China to Stop Relying on Inmates for Organ Donation: Minister
The Chinese health minister has announced that within the next two years, China will no longer rely on executed prisoners as a source of transplant organs, the state media reported Thursday.
The country, with a population of 1.3 billion, with its high demand for organs and facing a chronic shortage of donations, relied on inmates on death row for organs. Although this has been practiced for years together, sparking heated debates and controversies, the Chinese government has never admitted to the same.
International human rights groups have long accused Chinese authorities of harvesting organs from executed prisoners without their consent or that of their families, Health Day reported.
"Chinese organ transplants will completely end their reliance on donations from executed prisoners within two years," said Huang Jiefu, the vice health minister, according to the state-run China News Service.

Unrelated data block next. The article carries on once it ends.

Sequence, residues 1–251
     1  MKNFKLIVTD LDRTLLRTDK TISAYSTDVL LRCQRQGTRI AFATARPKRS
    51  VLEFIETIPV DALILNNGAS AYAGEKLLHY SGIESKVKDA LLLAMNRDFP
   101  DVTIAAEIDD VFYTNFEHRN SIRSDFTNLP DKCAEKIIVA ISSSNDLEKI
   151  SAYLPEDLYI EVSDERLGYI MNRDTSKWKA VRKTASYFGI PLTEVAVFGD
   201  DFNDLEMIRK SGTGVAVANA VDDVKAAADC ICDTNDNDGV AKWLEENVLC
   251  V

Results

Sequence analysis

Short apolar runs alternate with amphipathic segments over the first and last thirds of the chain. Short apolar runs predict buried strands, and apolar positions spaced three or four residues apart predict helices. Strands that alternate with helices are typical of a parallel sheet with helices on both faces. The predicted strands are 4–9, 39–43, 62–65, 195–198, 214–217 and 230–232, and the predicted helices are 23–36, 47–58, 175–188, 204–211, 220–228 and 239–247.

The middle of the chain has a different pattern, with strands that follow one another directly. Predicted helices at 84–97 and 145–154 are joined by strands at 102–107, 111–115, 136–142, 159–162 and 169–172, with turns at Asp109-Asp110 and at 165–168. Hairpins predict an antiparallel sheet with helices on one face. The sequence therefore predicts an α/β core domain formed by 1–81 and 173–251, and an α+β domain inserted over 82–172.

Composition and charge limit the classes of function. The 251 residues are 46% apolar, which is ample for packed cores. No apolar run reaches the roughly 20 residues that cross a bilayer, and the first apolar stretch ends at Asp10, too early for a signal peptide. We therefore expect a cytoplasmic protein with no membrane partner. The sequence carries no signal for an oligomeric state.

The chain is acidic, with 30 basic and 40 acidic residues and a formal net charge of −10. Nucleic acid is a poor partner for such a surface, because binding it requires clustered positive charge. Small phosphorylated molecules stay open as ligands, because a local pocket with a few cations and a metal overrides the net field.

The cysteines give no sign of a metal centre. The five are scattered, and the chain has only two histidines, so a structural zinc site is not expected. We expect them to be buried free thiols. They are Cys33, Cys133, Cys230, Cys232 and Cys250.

Similar pledges have been made by Beijing before, but the time frame of two years mentioned in Huang's comments is the shortest timetable offered so far.
He said a voluntary donation system is being set up in the country, with 1,000 plus organs already collected by the 38 centres opened two years ago.
In 2007, human organ trading was banned in China; however, the supply could still not suffice for the demand.
Shortage in the organ supply in China also stems from Chinese tradition, where people believe they are reincarnated after death, and hence believe in keeping the body complete, the report said.
Official statistics say that out of the estimated 1.5 million patients who require organ transplant every year, only around 10,000 requirements are fulfilled, which is why the forced donations and illegal sale of organs take place.
In 2009, a spokesman from the health ministry was quoted as saying by state media that the organs are donated by the prisoners with written consent from them.